Guest Post: Denimelon Eats with Lion’s Head Meatballs

The wonderful thing about a Paleo Lifestyle is just that– its not just about food; it can affect and changes all sorts of aspects of our lives for the better. It may start as something as simple as changing the food you eat, which can push you to be creative in finding new foods to eat, but then it can inspire some to blog about their experiences, which in turn pushes them to develop skills in photography and writing that they didn’t even know they had! This is definitely true of Denise of Denimelon Eats. We have followed her on Instagram for a while now, and her success on that platform encouraged her to start her own blog. Denise has some truly great recipes on her site, many of which have an Asian influence like this recipe that she is sharing with us today! Enjoy!

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Hi all! This is my first guest post ever and I cannot be more excited that Stacy and Matt have asked me to do one for them! They’re an inspiration to the paleo world and I admire their commitment to this lifestyle to better themselves but also, to help others. I am relatively new to the blogging community, as I do not feel I’m the best at putting words to paper, so to speak. I kept my social networking to just Instagram, but it was the Paleo Parents that motivated me to finally start blogging. I never know what to say on these things! I spend way to much time thinking about food than I should. If I could speak in food, then I’d be good! HAHA.

Most days, if not all, I spend thinking of ways to recreate my favorite “non-Paleo” dishes. Asian food, in particular, has a special place in my heart. I love the complexity of flavors and all the varying textures it offers. I grew up eating a lot of home cooked Chinese food. My dad is the chef of the family and this dish is his specialty.

A classic dish originating from Shanghai (where my dad is from), this is a deliciously simple yet satisfying meal. The name, Lion’s Head Meatballs, comes from the fact that these are giant tennis ball sized meatballs (the lion’s head) braised in a sweet and salty broth, then tucked within Chinese cabbage or Shanghai Bok Choy which makes up the lion’s “mane.” After braising, the meatballs are so tender, they melt in your mouth. My dad’s secret? Japanese silken tofu. I replaced the tofu with finely diced mushrooms, which not only add moistures but also that undeniable umami flavor. There are not very many ingredients, but these pack a ton of flavor. Trust me, these are good.

Guest Post: Denimelon Eats with Lion’s Head Meatballs

Ingredients

  • 2 pounds ground pork
  • 4 TBSP arrowroot flour/starch
  • 1 TBSP ginger, finely minced
  • 1 8oz package button mushrooms, finely diced
  • 1 TBSP + 2 tsp coconut aminos or gluten-free tamari (plus 1 cup reserved for broth)
  • 1/2 tsp sea salt
  • 1 tsp white pepper
  • Olive oil or other preferred fat (for frying meatballs)
  • 5-6 bundles of Shanghai or baby bok choy (for broth)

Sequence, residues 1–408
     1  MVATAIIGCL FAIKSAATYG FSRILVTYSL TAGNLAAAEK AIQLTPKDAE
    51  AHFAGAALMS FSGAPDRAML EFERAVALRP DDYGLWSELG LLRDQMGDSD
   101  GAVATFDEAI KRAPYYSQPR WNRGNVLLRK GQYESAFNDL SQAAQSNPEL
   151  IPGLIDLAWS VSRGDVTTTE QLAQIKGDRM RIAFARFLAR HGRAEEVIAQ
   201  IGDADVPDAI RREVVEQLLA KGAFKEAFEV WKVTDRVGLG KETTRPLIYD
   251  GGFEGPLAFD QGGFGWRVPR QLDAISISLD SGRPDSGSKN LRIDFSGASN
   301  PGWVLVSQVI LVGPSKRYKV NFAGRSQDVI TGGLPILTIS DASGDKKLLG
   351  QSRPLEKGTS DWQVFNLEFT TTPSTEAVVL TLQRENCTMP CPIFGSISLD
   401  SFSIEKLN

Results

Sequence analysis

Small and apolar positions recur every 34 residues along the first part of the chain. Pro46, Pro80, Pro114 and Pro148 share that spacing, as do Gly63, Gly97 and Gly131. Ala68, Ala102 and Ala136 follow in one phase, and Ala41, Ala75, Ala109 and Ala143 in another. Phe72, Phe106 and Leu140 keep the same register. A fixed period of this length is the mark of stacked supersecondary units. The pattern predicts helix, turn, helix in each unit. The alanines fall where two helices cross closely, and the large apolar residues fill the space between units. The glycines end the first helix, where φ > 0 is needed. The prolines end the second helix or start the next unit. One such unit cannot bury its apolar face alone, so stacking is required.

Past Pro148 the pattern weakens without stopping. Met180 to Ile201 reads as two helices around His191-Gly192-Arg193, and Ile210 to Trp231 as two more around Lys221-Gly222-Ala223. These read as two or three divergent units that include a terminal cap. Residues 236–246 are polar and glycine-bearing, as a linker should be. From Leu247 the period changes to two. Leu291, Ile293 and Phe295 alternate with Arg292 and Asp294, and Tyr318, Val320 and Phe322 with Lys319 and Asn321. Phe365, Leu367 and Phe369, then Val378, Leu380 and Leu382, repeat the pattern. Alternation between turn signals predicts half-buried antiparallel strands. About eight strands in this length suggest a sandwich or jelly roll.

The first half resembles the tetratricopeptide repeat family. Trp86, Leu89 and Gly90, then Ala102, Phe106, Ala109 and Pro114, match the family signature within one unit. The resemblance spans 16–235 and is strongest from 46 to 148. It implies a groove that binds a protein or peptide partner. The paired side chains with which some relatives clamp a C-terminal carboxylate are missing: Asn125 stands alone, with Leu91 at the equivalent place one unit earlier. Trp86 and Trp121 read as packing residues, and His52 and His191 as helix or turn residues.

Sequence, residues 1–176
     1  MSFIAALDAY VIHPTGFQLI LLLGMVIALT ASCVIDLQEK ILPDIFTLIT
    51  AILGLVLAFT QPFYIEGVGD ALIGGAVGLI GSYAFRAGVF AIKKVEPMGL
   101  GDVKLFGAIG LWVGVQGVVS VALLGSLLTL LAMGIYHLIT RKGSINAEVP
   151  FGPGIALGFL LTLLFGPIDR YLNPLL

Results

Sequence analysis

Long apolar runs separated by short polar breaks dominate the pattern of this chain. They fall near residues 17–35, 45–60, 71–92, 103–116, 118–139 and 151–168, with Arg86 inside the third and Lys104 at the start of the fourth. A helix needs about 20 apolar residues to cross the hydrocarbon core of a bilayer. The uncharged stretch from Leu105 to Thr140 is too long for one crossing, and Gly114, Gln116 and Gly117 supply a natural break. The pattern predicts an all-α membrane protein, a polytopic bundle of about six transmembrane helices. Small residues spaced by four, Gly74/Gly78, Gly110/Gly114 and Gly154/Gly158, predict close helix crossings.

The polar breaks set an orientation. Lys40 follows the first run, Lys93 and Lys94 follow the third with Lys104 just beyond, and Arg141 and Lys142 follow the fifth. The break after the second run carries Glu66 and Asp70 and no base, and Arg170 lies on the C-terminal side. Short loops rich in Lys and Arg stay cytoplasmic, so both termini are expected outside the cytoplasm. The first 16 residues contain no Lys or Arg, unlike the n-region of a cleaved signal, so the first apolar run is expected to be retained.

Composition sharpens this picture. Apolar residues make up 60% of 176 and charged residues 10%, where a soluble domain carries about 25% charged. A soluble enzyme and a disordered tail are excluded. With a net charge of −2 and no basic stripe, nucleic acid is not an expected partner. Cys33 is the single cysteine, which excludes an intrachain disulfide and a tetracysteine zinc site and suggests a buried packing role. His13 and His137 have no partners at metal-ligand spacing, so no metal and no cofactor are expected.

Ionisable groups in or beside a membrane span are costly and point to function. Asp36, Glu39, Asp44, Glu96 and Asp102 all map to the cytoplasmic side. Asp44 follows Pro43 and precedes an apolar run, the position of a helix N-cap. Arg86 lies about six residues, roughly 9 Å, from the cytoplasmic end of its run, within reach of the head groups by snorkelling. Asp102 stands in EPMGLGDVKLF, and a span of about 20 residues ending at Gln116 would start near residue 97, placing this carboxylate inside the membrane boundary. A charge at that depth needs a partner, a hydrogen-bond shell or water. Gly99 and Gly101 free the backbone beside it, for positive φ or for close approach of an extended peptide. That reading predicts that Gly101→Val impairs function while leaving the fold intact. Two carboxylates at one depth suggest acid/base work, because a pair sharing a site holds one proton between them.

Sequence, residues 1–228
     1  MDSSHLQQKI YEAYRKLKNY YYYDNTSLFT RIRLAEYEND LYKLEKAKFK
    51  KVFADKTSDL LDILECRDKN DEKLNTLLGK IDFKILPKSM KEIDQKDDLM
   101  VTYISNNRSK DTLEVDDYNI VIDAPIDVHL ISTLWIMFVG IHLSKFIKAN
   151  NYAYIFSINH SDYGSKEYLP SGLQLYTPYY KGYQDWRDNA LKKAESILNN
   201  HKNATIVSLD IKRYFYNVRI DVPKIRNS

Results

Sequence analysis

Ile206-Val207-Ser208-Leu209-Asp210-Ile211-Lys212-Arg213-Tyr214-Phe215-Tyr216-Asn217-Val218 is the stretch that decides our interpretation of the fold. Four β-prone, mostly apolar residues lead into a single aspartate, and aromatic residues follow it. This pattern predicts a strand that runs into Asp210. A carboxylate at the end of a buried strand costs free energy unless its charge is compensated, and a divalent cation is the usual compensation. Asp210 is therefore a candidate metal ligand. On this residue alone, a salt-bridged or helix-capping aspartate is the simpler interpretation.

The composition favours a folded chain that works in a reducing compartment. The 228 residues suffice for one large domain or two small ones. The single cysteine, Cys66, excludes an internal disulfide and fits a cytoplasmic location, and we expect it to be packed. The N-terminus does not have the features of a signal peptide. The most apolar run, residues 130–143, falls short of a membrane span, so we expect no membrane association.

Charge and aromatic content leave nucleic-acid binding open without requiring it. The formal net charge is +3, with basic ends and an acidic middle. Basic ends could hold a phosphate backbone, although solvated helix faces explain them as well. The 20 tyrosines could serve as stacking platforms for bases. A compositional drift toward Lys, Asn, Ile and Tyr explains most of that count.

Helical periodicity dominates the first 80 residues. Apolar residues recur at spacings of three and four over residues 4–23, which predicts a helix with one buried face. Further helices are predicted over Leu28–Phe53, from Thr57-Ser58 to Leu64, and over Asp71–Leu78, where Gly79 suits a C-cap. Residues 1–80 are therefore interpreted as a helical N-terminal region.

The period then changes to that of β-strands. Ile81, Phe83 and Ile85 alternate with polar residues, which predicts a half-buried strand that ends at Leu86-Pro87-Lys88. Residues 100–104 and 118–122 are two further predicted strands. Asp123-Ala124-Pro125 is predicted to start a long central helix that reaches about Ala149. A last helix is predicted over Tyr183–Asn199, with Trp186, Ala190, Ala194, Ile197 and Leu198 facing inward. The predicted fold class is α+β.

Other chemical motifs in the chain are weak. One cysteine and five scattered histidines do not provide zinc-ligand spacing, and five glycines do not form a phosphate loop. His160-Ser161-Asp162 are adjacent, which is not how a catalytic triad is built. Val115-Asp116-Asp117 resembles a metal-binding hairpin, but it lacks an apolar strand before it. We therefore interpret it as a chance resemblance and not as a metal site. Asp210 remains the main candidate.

• 4-6 cups of water (for broth)
  • 2 TBSP coconut sugar (for broth)

Instructions

  1. Roughly chop the mushrooms and place in the food processor. Process until the mushrooms look like ground meat. Toss the mushrooms in a large bowl along with the ground pork, arrowroot, ginger, coconut aminos, salt and pepper.
  2. Using clean hands, thoroughly mix the meat mixture until all the ingredients are combined. Once combined, roll the meatballs to just about tennis ball sized (smaller is okay, but these are suppose to be big).
  3. Heat a pan over high heat, add the olive oil and fry the meatballs working in batches (I did 4 at a time to not overcrowd the pan). Sear all sides. Be gentle with the meatballs, as they will be very soft. Using a slotted spoon/spatula, drain the meatballs on a paper towel. Repeat until all the meatballs are browned. Set aside to prepare the broth.
  4. Remove the base stems of the bok choy and line the bottom of a 5 quart pot with the vegetables. Top the bok choy with the meatballs, making sure to keep the meatballs in one layer. Add enough water to cover up to half of the meatballs. Then add the coconut aminos and coconut sugar.
  5. Place the pot on the stove and bring the broth to a boil over medium high heat. Turn the heat down to medium low and simmer for 30 minutes.
  6. Serve meatballs over cauliflower rice or regular rice.
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Denise is a Southern California girl who ditched the wheat and adopted the Paleo lifestyle in 2012. By day, she’s a Quality Engineer working in Pharmaceuticals ensuring the safety of your drugs. By night, she’s a culinary ninja, paleofying everyday comfort foods. Follow her on Instagram, @denimelon to see what else she’s cooking!

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  • Tara S

    Would Lion’s Mane mushrooms be good in this soup? I read recently that they’re wonderfully medicinal, so I bought some at the farmer’s market. I didn’t know exactly how to use them, so they ended up going bad. :(